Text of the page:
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The New American Immigrant

Newly arrived foreign-born population heads to the heartland
  • January 30 2012

America’s great melting pot continued from 2000 to 2010, but its ingredients are again evolving.

The Census Bureau’s American Community Survey found that 40 million foreign-born people lived in the U.S. in 2010. But notable differences emerged between the 83 percent who entered the U.S. prior to 2005 and the 17 percent who entered in 2005 or later.

Consider, for example, the place of birth of the foreign born; 54 percent of those who arrived before 2005, and 53 percent of those arriving from 2005 to 2007, were born in Latin America and the Caribbean. However, that takes a turn beginning in 2008, as only 41 percent of the most recently arrived (2008 or later) came from Latin America and the Caribbean.

In contrast, the Asian foreign born comprised a higher proportion of the later entry immigrants—27 percent prior to 2005, 30 percent from 2005 to 2008 and 40 percent in 2008 or later.

Geographically, the traditional immigrant destination states— California, New York, Texas, Florida, New Jersey and Illinois—accounted for the majority of the newly arrived. Still, notable differences exist between earlier and later arrivals. Newer immigrants appear to be more likely to choose to live in a location other than the traditional “gateway” states and are increasingly settling in states with smaller foreign-born populations not typically viewed as major immigrant destinations.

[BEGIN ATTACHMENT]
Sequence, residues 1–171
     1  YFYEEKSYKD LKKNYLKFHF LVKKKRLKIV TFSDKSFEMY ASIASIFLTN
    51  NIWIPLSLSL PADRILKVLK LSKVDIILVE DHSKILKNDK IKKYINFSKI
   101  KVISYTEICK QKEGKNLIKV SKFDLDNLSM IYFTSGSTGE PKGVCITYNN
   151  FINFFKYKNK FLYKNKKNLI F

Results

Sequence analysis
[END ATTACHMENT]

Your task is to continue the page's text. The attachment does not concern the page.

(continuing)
Of all foreign born who entered prior to 2005, about two thirds (66 percent) resided in these six states, compared to 58 percent of those who entered in 2005 or later. The difference is most clearly shown in California, which represented 27 percent of the foreign born who arrived before 2005, but only 19 percent of the newly arrived.

A similar picture emerges when considering the proportion of the foreign-born population within each state. Of the six traditional gateway states, three (California, Illinois, and New York) had a lower proportion of recent entrants than the national average. Several states with histories of lighter immigration had considerably higher proportions of recent entrants. Alabama (33 percent), Kentucky (29 percent), Louisiana (30 percent), Mississippi (32 percent), North Dakota (33 percent), South Dakota (32 percent), West Virginia (28 percent) and Wyoming (34 percent) had among the largest proportions of their foreign-born population entering in 2005 or later.

 

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